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CPC’s role cannot be detached from Chinese influence

By Lu Jingxian
China’s growing influence has met with rising concern, if not panic in some Western countries. As more governments and agencies accuse China of infiltration, the Chinese public is starting to question whether an anti-China sentiment is emerging in Western society.
Some China observers in the West are emphasizing what they say is a “CPC influence operation,” not “Chinese influence” and warned it is a dangerous conflation to mix the two conceptions.
With China’s rise and expanding business presence abroad, its influence naturally extends to foreign countries. The problem is if this influence is viewed through an ideological lens, it will lead to a twisted conclusion.
It’s baffling to Chinese that Western society, known for advocating open-mindedness and facilitating broad exchanges of ideas, can be so resistant to influence from China.
As China hosts more international students, it never occurs to Chinese that students from the West could be carriers of a hostile ideology that poses a challenge to China’s national security. Meanwhile, Chinese continue to hold an open-minded attitude toward normal exchange with the Western countries, be it in business or academic spheres.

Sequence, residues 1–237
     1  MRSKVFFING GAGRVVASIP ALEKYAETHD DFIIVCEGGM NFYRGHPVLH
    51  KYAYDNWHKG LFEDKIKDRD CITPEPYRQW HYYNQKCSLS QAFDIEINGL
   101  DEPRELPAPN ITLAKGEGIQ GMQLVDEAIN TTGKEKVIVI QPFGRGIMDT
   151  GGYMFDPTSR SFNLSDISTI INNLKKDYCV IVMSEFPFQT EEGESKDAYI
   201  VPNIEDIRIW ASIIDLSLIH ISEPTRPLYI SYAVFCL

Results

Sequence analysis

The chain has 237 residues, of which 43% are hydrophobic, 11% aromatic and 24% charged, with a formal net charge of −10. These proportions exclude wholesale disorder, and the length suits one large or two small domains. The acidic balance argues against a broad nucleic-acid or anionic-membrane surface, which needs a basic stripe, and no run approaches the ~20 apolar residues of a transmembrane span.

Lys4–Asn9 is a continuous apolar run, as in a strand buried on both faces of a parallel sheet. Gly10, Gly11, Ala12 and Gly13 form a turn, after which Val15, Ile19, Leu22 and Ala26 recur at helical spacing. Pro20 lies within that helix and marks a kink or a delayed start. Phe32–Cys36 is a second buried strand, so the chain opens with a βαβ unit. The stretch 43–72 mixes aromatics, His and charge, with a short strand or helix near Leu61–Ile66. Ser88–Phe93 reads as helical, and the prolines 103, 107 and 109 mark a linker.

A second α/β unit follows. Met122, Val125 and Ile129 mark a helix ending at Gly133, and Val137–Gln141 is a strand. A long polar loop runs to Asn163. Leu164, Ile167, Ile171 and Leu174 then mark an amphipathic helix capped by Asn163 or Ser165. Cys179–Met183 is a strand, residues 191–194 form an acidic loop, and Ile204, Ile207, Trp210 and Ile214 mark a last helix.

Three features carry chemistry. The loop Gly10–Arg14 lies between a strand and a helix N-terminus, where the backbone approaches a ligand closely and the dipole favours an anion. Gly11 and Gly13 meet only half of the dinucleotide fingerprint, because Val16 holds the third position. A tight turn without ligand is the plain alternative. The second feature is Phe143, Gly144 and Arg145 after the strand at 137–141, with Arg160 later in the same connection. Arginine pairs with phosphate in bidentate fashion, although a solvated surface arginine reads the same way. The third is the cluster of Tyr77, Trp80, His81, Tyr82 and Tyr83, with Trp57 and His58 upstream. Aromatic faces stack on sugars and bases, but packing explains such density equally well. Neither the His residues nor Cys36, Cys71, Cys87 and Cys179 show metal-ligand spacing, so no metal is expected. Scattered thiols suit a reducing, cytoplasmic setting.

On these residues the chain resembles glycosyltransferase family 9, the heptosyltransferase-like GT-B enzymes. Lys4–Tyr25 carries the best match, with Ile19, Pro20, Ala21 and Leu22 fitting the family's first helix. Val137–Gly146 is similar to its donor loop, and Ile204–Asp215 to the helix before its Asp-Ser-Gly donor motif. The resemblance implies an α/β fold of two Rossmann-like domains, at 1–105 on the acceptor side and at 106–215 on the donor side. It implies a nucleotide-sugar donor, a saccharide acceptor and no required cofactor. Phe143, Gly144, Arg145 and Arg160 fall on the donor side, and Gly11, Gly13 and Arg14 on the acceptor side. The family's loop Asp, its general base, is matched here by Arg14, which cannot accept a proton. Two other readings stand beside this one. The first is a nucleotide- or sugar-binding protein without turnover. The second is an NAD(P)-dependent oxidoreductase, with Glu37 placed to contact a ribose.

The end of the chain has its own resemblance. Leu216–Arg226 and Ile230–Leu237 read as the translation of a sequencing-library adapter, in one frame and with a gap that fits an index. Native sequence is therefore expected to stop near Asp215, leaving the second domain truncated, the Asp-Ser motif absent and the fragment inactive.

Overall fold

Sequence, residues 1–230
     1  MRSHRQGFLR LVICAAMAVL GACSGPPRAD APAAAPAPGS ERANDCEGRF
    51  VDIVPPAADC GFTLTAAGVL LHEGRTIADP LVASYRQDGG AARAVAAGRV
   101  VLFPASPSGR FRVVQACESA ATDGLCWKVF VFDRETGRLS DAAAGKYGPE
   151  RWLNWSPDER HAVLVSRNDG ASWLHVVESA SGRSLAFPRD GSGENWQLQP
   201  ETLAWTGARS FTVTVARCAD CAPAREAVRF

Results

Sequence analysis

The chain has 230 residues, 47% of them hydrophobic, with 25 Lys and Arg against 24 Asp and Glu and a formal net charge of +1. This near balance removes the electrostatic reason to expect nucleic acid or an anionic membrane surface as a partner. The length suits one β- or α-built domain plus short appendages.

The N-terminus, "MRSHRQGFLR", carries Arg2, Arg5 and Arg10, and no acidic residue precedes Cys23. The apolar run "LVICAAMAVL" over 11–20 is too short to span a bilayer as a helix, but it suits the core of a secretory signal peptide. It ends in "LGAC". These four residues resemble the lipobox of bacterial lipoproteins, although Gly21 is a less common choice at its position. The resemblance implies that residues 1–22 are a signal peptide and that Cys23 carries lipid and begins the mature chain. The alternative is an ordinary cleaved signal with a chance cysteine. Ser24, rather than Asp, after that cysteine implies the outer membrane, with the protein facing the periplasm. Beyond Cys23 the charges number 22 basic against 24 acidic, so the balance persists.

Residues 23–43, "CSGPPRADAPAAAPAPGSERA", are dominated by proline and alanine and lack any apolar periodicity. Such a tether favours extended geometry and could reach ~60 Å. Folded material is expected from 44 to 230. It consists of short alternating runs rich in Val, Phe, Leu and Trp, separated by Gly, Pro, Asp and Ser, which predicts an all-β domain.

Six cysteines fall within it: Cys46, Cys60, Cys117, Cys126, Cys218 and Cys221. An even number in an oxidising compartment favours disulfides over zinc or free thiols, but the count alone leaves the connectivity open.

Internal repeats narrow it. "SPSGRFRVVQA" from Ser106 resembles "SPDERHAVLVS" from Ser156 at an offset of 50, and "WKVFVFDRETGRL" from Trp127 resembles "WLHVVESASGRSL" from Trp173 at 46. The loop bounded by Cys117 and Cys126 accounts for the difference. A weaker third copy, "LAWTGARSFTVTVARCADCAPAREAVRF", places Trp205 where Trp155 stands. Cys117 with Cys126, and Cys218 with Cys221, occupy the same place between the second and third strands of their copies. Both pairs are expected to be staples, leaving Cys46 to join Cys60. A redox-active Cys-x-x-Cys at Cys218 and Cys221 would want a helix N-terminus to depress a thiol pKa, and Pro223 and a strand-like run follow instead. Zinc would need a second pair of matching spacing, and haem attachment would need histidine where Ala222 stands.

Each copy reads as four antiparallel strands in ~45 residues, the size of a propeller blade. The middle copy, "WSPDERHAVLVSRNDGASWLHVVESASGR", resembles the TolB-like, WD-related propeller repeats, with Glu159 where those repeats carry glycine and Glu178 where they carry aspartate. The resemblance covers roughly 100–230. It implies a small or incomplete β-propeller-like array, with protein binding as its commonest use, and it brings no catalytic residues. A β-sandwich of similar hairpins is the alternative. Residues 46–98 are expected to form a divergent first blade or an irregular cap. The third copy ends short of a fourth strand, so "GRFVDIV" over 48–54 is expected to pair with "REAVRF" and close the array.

A deeper issue is what role the CPC has played in the rise of China and, as the sole ruling party, can it be detached from the historical rejuvenation of the country.
With its 89 million-strong members, consisting mainly of the elite of different sectors, the CPC is a team representing the backbone of Chinese society. The CPC’s organizing ability, inclusive policies and acceptance of differing ideas, has proven essential to helping the country weather various storms since the CPC’s founding in 1921.
As the CPC continues to lead China’s ascent, the influence of China and the CPC is deeply integrated and one cannot be separated from the other. China’s initiatives that have a global vision, such as the Belt and Road initiative and a community of shared future for mankind, also represent aspirations of the CPC.
Yet the West cannot rid itself of a deep bias toward CPC and all things connected to it are viewed in an unreasonable negative light. While Chinese authority and society are open to ideas introduced by the West, the latter has stubbornly refused to recognize advantages of China’s political system.
As someone born in the mid-1970s, many of my childhood readings were stories about how Chinese people had to be alert to and thwarted plots of infiltrating spies from the imperialistic US. In hindsight, that was a ridiculous period of time in the modern history of China-West engagement. It is hoped such an absurd time will not be repeated in the West today.
(Global Times)

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